National Television Heritage Day, which we honor on July 1 every year, has become one of America’s favorite celebrations. Can you believe that we have been watching T.V. for over 100 years now? It seems strange that we have been sitting in front of a plastic box and being entertained for more than a century. In fact, as of 2011, 96.7% of households in the United States own a television set, with some owning multiple T.V. sets, in their lounges and their bedrooms. These days, we need the Internet to stream shows, and everything is released at the same time; no more waiting for the next episode the following week. These technological changes inspire many people to go back to basics.
History of National Television Heritage Day
Television was first available in the late 1920s, but it took several years before the new technology was marketed to consumers. Following WWII, improved black-and-white television broadcasting gained popularity in the United Kingdom and the United States, which launched the popularity of T.V.s and their presence in homes and offices. In the beginning, television was almost exclusively used to influence public opinion in the 1950s, for example, when even commercials were advertising propaganda. It wasn’t until the 1960s that color broadcasting was introduced in the United States.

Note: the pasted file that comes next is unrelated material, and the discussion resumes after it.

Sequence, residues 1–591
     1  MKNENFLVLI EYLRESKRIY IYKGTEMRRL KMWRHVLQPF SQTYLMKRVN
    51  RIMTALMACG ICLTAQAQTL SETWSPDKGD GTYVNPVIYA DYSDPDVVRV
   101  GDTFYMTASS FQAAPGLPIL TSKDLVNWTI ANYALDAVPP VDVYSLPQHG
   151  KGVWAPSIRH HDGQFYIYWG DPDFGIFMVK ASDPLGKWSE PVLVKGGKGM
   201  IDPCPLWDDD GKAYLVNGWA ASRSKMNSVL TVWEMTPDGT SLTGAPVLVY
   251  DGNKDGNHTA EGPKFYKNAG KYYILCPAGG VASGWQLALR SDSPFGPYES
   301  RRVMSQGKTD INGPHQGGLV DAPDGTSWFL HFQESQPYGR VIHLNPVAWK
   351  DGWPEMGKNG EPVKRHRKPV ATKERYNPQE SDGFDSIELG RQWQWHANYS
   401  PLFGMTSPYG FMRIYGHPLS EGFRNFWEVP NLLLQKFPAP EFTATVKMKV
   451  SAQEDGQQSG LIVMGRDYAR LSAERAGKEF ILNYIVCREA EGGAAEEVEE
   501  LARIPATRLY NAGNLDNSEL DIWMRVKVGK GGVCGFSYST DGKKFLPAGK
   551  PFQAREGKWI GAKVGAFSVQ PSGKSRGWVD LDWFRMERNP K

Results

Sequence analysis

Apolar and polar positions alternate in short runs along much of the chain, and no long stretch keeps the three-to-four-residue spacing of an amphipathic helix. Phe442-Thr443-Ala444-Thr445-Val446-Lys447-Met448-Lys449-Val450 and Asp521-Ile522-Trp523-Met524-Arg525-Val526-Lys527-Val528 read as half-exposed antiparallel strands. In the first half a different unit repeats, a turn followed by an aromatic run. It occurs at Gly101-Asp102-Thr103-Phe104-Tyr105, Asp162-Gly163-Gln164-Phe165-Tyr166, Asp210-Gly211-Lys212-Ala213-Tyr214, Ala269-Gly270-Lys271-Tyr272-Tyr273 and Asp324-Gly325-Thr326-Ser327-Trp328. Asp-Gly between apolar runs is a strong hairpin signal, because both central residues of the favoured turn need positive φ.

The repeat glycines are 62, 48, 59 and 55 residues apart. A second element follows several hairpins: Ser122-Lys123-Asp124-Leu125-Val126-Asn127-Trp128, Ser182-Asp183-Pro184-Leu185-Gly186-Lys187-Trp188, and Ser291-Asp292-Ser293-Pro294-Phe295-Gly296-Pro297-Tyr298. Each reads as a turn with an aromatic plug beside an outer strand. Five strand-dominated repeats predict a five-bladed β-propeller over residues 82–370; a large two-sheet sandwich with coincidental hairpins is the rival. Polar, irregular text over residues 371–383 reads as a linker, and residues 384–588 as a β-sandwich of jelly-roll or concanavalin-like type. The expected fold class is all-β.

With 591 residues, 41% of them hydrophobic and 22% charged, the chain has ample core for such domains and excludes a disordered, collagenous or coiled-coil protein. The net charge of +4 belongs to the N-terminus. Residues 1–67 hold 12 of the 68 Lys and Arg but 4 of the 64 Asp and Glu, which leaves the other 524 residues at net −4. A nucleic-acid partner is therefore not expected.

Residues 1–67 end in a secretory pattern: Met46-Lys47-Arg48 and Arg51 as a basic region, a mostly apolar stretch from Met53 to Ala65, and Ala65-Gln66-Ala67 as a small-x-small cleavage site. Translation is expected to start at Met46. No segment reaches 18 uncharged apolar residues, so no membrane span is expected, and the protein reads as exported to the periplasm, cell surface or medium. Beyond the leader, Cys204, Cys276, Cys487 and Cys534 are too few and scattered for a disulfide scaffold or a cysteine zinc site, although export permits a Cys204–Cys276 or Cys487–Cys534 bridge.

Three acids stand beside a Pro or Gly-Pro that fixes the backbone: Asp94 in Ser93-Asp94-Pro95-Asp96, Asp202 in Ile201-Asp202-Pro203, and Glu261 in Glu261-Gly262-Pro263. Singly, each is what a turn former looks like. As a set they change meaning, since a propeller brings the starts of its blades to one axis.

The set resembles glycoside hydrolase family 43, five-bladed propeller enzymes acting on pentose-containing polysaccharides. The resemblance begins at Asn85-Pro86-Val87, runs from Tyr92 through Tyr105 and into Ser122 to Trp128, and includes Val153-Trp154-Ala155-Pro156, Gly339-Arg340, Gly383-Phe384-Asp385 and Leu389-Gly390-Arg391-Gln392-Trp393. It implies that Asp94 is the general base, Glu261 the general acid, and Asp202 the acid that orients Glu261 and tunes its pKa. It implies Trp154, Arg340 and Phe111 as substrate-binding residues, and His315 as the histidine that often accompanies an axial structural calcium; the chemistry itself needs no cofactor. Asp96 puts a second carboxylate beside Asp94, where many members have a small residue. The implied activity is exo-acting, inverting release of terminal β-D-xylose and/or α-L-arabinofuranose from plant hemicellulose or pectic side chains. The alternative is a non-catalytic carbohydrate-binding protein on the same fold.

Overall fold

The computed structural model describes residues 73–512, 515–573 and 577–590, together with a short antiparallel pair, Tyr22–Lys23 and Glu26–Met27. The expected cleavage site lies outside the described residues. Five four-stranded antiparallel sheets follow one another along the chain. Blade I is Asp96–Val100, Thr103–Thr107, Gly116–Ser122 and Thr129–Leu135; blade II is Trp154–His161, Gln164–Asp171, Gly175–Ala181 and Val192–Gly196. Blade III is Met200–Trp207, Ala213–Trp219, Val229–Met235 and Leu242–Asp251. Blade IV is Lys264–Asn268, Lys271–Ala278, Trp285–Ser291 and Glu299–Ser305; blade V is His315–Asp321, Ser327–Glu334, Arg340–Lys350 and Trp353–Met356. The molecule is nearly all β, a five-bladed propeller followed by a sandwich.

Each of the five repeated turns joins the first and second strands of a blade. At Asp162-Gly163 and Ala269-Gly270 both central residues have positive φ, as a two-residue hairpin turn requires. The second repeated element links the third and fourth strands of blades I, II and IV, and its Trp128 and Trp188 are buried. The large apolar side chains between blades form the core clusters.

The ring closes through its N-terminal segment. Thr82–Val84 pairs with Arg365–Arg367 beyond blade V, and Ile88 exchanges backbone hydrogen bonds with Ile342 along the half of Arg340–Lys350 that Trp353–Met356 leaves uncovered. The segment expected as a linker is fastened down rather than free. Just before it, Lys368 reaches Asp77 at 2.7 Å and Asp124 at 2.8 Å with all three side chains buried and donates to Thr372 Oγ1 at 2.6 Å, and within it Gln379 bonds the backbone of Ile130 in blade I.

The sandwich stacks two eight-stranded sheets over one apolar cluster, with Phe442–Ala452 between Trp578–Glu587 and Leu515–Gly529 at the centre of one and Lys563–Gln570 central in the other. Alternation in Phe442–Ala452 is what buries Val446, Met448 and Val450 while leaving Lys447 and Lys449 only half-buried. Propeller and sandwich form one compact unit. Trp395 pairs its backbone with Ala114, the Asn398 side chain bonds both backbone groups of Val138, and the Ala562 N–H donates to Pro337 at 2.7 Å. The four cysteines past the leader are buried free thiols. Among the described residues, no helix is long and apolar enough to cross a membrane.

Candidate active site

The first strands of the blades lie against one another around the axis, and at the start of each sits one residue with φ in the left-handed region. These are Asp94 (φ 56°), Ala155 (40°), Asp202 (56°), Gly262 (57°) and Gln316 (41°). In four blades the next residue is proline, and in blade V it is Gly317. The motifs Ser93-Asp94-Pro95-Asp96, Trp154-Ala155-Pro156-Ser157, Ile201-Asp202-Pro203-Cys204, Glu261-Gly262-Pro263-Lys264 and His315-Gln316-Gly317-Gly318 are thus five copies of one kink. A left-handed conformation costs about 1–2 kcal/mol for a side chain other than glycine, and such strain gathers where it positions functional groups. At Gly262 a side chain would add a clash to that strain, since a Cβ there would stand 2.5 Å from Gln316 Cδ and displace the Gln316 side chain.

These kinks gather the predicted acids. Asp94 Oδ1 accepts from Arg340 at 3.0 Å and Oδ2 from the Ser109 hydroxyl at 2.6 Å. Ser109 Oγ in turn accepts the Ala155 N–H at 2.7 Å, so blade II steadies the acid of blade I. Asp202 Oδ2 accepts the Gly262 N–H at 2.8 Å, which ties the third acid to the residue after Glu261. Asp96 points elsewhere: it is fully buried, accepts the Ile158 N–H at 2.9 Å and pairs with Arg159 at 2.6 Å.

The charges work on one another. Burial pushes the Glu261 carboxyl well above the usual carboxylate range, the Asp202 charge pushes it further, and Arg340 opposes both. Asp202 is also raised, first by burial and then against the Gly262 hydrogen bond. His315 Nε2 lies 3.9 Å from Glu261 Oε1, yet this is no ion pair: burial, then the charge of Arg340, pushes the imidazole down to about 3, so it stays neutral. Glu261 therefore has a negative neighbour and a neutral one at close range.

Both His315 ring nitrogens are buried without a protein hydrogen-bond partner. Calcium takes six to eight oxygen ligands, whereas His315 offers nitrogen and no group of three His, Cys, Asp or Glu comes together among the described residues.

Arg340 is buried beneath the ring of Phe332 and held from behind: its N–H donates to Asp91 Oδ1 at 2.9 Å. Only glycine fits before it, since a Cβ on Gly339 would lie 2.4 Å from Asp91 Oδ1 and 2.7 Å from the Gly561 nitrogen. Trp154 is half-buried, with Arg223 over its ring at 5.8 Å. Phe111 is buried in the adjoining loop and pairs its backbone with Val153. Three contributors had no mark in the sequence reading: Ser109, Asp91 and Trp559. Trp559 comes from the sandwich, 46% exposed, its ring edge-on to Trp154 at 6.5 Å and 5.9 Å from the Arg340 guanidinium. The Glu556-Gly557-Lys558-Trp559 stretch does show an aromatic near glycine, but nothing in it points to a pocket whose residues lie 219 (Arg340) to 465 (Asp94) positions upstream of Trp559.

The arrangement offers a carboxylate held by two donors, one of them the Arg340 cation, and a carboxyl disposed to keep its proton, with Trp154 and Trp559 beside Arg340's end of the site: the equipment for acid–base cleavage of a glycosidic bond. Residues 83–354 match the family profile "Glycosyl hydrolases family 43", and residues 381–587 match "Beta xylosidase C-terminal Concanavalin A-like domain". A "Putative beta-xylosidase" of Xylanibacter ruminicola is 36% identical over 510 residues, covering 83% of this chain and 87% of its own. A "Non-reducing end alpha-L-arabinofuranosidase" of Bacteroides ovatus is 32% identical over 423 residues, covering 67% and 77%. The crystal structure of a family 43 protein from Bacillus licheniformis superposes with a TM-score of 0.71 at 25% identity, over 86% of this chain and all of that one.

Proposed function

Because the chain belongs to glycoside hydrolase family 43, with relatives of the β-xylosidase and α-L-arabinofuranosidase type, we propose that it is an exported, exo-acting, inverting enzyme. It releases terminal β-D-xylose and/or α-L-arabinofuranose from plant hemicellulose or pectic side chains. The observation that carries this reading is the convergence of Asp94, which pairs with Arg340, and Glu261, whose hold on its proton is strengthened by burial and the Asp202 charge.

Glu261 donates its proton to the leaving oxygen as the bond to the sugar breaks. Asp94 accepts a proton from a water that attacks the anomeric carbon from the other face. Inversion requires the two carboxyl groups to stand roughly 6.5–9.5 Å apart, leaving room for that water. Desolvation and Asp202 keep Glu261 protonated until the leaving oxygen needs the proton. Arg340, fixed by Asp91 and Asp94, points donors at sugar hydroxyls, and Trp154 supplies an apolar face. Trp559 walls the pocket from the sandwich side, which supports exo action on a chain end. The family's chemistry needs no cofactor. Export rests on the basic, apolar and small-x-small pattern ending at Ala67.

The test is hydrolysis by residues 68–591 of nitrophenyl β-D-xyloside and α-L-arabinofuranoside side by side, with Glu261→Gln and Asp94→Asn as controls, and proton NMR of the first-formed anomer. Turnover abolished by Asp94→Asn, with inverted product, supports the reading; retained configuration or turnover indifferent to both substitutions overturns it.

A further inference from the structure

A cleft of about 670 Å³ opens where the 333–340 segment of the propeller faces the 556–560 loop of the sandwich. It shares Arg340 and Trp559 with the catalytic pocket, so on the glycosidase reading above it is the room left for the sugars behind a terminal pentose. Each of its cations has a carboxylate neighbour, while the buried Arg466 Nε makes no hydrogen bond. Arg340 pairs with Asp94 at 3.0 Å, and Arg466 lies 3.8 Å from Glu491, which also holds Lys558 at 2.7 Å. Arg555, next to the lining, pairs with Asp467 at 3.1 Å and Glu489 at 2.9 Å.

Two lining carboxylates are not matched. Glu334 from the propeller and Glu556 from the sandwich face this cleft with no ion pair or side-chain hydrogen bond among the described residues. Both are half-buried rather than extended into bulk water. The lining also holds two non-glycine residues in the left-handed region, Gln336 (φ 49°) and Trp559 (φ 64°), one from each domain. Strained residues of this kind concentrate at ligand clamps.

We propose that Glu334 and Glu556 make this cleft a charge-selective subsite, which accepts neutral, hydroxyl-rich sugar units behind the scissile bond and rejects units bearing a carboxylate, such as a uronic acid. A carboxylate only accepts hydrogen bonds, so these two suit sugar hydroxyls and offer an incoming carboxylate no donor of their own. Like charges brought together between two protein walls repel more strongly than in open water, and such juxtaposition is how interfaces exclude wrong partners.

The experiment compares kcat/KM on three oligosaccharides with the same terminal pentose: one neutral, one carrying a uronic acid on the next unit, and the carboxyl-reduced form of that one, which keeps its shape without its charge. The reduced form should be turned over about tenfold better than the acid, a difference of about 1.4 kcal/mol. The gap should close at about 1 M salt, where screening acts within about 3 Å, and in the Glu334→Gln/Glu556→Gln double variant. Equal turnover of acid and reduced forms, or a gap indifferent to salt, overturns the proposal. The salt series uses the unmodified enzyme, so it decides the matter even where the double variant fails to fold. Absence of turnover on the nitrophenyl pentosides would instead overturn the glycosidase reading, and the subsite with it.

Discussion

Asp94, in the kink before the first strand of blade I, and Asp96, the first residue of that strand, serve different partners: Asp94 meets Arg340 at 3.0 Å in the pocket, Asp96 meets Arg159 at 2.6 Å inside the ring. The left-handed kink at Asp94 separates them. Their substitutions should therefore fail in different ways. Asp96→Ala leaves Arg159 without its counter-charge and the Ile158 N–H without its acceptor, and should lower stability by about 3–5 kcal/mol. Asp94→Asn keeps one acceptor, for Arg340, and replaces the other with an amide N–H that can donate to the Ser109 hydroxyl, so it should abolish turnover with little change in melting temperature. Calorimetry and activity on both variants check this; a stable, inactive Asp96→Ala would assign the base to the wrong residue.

From then on, the way we watch T.V. has evolved so much that we can now watch our favorite television shows on our phones or tablets while in the car, in bed, or in public spaces. The content that is shown on T.V. has also grown exponentially since the late 1960s and 70s with movie rentals through television networks, live T.V. events, and the rise of videotape, D.V.D.s and Blu- rays, and of course, smart T.V.s that can host a variety of online platforms like Netflix, Hulu, Amazon Prime. There is also much more content readily available that it has become impossible to keep up with everything that is shown on T.V.!